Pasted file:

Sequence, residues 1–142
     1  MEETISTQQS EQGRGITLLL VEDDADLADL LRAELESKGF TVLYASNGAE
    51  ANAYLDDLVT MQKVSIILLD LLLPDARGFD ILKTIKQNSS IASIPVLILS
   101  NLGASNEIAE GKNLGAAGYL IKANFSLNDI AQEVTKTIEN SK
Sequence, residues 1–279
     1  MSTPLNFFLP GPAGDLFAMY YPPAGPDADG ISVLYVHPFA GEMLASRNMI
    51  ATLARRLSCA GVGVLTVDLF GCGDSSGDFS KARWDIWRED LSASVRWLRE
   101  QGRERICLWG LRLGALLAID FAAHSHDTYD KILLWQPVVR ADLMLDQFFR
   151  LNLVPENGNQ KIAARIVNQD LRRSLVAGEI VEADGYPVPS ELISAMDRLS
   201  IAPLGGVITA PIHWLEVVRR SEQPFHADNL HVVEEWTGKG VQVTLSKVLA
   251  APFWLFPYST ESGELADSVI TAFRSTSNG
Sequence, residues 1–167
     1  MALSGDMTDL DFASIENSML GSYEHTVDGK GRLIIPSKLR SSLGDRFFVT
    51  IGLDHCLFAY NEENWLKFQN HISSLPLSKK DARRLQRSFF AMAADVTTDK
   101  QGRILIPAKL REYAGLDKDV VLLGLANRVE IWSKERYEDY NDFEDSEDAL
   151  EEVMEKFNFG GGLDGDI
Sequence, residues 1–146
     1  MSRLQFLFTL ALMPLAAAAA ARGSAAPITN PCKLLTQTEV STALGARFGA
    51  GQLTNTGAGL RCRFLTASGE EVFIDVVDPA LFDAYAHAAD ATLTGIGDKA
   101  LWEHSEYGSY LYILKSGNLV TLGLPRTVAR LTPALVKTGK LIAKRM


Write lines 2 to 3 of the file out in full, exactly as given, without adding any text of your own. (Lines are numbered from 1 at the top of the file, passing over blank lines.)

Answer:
     1  MEETISTQQS EQGRGITLLL VEDDADLADL LRAELESKGF TVLYASNGAE
    51  ANAYLDDLVT MQKVSIILLD LLLPDARGFD ILKTIKQNSS IASIPVLILS